There it is, in black and white
Seconds matter. In today’s software industry, the ability to deliver software, updates, fixes, and new apps faster is critical to success. And yet, developers still face some of the same roadblocks and bottlenecks they’ve always had.
For instance, builds remain a black box that’s tough to crack. When your builds look like this:
Finding areas for improvement is like diving for needles in haystacks. You can use virtualized parallel distribution and build caching to shorten your builds, and these tools can significantly reduce your compile times. But how well do you know your builds on a granular level?
For most build engineers, visibility happens before the build, or once the build fails. Being able find errors, bottlenecks, and dependencies in our software builds is priceless.
Let’s dive a little deeper.
Your builds, live and in color
“Being able to directly visually audit the build process to look for bottlenecks whilst reducing execution time is wonderful.” -Richard Trotter
The Incredibuild Build Monitor replaces your old text output with an intuitive graphic UI where you can easily identify and investigate at a granular level things like dependencies and bottlenecks and other ways to better optimize your code structure and build.
These are the main components of the build monitor:
|Agent list (Y axis)
|All the CPU logical cores that make up your Incredibuild compute Grid are listed on the left pane of the Build Monitor. The logical cores participating in the build are called Agents. The first set of Agents in the list are always the initiating machine, or Initiator. The remaining machines are the Helpers.
|Systems graph shows the timeline
|These are the compiler/linker instances or compiler/linker processes
|Holds perhaps the most important key for build analysis and optimization. It holds info about the Initiator machine such as CPU, Memory, Network and regarding the distribution potential at any point of the build.
|The tasks color provides a better understanding of the build flow and acceleration potential:
Purple: A currently running task.
Cyan: A locally running task (custom build steps, link operations, or creation of browse information) that terminated successfully.
Green: A distributable task that can run locally or on remote machines, (for example, compilation in Visual Studio, cl.exe), which terminated successfully.
Yellow: Files that generated build warning which is usually normal and has no effect on the build
Red: Files that failed to build
White: A task was canceled or moved to a different helper.
Let’s dive into a clearer example of what’s going on in the build monitor:
We can see a big “gap” in which in both sides of it, you see only green bars and during this gap only blue tasks are executed. Such behavior is usually made by dependency. It obviously doesn’t mean that there is a problem but since it was so easy to detect, perhaps it’s worthwhile to investigate whether this dependency is needed.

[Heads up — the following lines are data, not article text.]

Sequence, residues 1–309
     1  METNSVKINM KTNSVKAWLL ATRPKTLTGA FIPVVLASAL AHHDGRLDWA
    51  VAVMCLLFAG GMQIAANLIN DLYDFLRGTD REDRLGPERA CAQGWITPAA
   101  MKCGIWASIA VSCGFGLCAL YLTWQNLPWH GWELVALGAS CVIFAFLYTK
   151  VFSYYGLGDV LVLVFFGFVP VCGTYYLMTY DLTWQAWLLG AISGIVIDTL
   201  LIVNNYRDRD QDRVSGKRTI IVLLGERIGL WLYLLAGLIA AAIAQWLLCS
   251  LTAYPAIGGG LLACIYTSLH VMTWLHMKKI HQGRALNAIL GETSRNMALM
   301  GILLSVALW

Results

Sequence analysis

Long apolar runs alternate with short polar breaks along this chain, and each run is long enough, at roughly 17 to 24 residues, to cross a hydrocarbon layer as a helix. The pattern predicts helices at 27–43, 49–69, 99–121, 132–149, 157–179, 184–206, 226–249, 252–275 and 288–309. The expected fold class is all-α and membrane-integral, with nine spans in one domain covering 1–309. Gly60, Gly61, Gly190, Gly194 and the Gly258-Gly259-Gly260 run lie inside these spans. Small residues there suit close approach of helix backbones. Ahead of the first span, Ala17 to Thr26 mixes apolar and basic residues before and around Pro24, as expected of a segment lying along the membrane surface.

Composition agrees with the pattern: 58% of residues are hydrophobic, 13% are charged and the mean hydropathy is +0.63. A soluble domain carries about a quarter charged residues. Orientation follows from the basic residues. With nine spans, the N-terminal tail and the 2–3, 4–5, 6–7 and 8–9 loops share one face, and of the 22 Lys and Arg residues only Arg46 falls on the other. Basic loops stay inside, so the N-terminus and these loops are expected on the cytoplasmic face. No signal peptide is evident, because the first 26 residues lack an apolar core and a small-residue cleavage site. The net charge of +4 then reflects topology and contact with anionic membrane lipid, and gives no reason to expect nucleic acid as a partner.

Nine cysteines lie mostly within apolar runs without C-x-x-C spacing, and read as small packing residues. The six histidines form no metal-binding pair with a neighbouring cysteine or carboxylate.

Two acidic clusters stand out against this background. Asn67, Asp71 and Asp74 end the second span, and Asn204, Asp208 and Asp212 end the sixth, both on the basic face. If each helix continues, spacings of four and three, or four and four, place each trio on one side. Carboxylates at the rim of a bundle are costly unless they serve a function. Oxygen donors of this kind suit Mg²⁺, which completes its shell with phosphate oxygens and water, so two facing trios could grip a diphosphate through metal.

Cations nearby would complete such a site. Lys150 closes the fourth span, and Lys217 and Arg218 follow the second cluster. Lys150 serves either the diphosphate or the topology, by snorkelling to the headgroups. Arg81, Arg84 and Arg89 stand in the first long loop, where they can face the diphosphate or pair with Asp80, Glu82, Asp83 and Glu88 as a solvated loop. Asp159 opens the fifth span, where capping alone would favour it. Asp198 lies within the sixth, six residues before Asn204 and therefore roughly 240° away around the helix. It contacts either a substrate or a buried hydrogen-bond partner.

Another example is the graph area indicators – “Ready Tasks” and “Active Tasks”. When they are close to each other or equal – like in the sample in the left – the build is fully utilized and there is no further acceleration potential. However, on the right, we can see that the “Ready Tasks” is higher than the actual “Active Tasks”. To further optimize your build, you can simply add more resources.
Turn back time and replay your builds
Rewind a recording of your build and see how it performed and how things transpired. Share your build execution so that other team members can replay it too and further analyze its results:
Switch between different display types
The Build Monitor enables you to view your build progress and output through four different display types. Switch between displays to get the full picture about your build in the most convenient way for you:
Build files transform into colorful bars. Each color represents the status of the relevant file, so you can see which files were built without a problem and which weren’t:
See the entire build’s output text, similar to what would have been generated by Microsoft Visual Studio builds:
Clearly distinguish between each project’s text-based output messages, including warning and error messages:
Summing it all up
Get a high-level overview with all the information and statistics on the current build in one place:
Customize your own build graph
Choose the parameters you care about and turn them into a visual graph. Keep visual track of more than a dozen of relevant KPI, such as CPU Usage, tasks ready to be executed, memory usage, I/O, and many more:
A unified way to gather execution data
It doesn’t matter what type of execution you’re running on which platform. The Build Monitor provides a unified way to gather and compare data regardless of where it originates from. Hover over a bar to see the task’s command line:
Double-clicking the task will take you directly to the relevant textual output:
Start visualizing your builds in a whole new way and accelerate your development with Incredibuild today.